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Psychological and Psychiatric Consequences of Inhalants

  • Stephen H. Dinwiddie
Chapter

Abstract

Easily available, inexpensive, simple to conceal, and legal to possess, inhalants occupy a peculiar position among substances of abuse. Even defining the group of substances to be discussed has proven difficult, and terms such as glue-sniffing, solvent use, or volatile substance use have been suggested. Classifying these substances as inhalants, though perhaps the least misleading practice, is overly broad: Many psychoactive substances are, or can be, inhaled, yet cannabis, cocaine, or heroin are not classified as inhalants. Conversely, nitrite vasodilators or anesthetic gases, though sharing with the inhalants the route of ingestion, differ markedly in pharmacologic and toxicologic properties as well as the populations at risk for use, and are generally not considered to be members of the same class of abusable substance. What is left, therefore, is a heterogeneous collection of fuel gases, industrial solvents, cleaning agents, paints, and related compounds, sharing a common route of use and some chemical and pharmacological characteristics (Beauvais & Oetting, 1987).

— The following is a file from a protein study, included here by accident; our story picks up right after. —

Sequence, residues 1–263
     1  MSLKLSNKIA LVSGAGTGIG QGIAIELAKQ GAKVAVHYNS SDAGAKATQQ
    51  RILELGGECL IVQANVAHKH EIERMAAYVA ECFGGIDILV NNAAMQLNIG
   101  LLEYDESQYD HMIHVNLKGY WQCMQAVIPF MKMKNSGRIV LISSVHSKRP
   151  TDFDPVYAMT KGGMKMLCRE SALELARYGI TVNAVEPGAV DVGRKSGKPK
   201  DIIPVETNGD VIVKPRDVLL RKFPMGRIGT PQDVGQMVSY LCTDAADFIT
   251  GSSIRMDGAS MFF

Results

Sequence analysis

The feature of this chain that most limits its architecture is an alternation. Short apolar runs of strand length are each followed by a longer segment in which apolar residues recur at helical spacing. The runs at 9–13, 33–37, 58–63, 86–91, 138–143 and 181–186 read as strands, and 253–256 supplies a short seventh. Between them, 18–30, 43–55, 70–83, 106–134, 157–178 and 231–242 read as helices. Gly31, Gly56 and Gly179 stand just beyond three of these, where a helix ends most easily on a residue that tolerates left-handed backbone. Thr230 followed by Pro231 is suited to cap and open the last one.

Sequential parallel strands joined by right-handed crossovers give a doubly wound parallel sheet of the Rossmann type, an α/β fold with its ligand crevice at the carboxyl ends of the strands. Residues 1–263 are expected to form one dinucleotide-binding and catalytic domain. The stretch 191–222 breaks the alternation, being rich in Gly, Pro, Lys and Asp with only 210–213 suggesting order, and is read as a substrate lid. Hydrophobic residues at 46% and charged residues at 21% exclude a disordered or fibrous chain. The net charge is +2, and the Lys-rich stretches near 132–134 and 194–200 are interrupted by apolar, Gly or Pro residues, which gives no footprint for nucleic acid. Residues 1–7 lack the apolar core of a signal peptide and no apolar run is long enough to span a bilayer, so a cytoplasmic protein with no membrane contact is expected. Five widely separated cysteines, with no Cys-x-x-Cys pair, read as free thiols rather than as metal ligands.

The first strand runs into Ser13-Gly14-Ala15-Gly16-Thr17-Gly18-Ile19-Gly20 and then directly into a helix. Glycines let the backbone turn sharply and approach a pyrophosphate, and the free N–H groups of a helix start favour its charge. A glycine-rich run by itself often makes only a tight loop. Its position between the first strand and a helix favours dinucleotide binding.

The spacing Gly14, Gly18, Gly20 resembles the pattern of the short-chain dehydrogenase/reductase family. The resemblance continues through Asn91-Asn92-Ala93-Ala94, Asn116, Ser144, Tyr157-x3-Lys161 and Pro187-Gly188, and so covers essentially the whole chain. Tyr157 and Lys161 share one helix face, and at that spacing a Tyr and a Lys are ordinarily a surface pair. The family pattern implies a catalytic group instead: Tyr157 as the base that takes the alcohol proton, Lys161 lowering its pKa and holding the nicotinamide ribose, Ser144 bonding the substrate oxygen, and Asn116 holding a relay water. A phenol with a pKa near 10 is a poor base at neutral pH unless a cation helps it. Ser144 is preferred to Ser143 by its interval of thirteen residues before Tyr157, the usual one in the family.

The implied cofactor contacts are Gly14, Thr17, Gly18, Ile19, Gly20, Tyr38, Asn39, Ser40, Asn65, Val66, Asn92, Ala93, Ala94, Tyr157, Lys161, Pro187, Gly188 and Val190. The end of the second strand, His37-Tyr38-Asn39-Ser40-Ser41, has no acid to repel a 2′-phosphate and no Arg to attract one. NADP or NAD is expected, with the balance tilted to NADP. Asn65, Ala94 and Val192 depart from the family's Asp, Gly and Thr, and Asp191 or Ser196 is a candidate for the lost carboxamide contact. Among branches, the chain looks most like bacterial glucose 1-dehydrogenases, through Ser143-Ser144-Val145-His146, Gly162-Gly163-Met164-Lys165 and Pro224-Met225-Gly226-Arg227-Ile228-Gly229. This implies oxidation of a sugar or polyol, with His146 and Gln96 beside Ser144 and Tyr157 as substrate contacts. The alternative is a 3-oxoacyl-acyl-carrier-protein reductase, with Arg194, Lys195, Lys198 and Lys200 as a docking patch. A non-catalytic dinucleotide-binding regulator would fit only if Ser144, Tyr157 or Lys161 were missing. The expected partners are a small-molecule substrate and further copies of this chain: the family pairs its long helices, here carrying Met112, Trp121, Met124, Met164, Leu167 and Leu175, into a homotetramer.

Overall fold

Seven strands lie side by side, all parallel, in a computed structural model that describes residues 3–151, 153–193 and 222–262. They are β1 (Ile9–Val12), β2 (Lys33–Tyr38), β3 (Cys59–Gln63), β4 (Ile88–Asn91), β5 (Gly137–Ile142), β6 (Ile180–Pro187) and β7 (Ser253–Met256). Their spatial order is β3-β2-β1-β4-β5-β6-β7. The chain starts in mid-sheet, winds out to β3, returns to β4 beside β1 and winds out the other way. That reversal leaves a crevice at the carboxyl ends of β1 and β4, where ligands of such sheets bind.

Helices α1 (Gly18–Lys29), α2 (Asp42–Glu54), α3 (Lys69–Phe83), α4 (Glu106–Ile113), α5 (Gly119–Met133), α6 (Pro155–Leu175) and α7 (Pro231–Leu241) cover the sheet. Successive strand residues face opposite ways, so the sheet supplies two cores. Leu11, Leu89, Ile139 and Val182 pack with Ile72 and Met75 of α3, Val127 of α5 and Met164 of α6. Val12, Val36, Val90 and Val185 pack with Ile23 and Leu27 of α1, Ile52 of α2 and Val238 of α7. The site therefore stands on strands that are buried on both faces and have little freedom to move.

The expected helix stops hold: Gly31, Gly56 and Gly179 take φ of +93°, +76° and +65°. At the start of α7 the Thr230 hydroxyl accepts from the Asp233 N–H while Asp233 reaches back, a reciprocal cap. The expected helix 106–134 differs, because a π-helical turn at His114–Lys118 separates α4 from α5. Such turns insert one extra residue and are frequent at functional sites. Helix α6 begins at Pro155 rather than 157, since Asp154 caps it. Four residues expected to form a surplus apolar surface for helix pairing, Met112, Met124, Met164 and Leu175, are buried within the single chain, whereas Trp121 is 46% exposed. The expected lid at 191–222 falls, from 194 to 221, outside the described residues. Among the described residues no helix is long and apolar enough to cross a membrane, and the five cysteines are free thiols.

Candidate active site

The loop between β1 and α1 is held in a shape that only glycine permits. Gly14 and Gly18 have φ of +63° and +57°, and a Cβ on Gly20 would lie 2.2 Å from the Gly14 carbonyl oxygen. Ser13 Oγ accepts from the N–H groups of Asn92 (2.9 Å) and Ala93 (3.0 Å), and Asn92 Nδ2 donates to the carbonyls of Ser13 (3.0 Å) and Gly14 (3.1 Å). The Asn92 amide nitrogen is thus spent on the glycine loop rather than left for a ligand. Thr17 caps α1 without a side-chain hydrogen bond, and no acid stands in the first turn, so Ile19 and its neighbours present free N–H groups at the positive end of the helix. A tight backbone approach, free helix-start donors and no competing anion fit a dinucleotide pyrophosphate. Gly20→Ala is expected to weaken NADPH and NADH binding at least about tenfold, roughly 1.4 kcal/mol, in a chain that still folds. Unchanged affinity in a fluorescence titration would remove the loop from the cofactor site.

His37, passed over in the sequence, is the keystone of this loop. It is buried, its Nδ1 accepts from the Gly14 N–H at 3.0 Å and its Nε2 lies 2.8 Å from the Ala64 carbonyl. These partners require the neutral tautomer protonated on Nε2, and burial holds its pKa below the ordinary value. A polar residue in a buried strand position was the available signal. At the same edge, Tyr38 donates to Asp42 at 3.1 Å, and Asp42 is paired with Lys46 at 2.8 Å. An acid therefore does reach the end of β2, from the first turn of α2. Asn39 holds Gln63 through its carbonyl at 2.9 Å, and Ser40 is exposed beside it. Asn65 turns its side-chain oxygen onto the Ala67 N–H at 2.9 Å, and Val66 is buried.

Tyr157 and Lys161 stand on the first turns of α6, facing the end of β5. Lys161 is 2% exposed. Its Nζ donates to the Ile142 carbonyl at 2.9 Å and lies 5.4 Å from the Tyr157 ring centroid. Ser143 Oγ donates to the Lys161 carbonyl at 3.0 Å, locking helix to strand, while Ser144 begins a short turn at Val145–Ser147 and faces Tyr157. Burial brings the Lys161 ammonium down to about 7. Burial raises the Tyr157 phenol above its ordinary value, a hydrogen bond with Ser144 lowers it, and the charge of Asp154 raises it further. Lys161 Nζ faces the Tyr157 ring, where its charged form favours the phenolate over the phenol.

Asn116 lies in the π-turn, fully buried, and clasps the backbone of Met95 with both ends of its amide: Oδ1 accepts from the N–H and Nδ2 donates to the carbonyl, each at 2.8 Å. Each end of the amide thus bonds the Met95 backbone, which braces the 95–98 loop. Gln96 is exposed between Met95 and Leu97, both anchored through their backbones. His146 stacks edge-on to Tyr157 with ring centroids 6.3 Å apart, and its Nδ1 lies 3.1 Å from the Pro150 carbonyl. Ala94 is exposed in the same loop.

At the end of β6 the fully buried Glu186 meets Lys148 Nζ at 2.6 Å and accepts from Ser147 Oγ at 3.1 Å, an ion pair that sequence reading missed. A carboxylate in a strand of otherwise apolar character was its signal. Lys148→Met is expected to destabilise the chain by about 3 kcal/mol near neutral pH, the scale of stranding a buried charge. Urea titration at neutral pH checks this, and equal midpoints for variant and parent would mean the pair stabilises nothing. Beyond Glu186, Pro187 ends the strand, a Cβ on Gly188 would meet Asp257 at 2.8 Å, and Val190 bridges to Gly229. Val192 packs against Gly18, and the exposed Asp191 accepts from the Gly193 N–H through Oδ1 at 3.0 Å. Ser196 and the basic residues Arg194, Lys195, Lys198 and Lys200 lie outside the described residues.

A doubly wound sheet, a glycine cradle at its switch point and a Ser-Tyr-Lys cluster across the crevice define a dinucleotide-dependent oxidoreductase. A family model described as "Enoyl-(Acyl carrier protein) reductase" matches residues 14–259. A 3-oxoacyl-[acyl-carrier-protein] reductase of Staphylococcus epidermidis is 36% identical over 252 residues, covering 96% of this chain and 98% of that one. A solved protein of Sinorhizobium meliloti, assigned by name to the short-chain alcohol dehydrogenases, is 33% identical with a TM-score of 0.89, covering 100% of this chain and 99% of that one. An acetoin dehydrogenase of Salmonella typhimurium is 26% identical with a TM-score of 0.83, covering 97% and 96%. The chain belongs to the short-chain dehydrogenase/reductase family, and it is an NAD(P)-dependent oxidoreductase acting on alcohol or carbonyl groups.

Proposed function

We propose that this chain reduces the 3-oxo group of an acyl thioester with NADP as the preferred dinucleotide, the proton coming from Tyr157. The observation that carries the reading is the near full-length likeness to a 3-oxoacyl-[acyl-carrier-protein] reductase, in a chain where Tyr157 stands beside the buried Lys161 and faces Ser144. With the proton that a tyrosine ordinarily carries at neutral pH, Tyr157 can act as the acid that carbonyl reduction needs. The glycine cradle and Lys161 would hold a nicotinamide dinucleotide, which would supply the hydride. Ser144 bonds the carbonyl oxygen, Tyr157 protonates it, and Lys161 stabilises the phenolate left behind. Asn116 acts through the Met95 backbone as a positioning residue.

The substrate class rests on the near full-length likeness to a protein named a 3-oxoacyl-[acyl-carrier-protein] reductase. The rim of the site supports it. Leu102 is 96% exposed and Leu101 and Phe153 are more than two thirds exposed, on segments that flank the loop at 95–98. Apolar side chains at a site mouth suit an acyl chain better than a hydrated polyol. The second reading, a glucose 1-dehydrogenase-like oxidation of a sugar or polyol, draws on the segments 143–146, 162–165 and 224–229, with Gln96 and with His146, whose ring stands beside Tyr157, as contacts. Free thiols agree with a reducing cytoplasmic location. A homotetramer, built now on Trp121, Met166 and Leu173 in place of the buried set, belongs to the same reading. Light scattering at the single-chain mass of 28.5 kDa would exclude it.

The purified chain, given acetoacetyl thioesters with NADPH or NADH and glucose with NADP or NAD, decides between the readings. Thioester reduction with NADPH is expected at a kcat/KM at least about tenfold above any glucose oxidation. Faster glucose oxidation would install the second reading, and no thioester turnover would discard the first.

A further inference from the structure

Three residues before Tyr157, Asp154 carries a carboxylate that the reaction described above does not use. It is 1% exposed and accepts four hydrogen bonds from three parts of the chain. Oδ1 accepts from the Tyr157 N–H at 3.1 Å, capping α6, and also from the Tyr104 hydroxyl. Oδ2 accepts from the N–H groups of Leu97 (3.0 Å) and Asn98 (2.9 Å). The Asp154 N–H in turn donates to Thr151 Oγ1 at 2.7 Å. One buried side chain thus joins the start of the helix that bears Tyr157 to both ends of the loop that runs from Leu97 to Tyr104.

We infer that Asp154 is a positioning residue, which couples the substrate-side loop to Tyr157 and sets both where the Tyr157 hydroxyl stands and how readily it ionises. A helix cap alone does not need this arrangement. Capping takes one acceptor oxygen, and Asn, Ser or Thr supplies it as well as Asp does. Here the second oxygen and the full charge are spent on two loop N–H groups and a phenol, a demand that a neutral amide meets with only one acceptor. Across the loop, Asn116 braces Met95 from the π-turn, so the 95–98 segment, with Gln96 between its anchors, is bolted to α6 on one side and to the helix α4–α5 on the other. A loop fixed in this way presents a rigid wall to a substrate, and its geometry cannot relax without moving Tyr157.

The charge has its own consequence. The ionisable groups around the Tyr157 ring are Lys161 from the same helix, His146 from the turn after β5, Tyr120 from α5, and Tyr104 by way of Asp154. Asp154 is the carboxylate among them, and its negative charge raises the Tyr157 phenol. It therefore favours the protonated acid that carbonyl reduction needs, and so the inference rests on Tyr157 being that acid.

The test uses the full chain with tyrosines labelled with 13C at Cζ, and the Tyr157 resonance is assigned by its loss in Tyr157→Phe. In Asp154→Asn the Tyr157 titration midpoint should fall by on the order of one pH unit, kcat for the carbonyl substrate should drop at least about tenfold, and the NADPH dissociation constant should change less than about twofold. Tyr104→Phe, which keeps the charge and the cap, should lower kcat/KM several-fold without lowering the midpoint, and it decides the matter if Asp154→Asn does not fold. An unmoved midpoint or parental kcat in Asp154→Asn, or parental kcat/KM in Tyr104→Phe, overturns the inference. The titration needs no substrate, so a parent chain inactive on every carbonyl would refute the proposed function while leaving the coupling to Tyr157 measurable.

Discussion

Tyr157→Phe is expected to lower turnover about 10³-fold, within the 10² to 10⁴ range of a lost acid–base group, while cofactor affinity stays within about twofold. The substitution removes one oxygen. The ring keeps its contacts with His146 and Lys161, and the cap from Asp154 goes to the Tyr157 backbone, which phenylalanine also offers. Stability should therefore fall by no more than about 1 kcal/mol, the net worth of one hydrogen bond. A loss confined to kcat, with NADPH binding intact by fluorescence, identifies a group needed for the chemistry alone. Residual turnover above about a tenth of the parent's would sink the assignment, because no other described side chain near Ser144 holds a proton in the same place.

Keywords

Psychoactive Substance Antisocial Personality Disorder Heroin Addict Psychiatric Consequence Research Monograph 
These keywords were added by machine and not by the authors. This process is experimental and the keywords may be updated as the learning algorithm improves.

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Copyright information

© Springer Science+Business Media New York 1998

Authors and Affiliations

  • Stephen H. Dinwiddie
    • 1
  1. 1.Department of PsychiatryFinch University of Health Sciences, The Chicago Medical SchoolNorth ChicagoUSA

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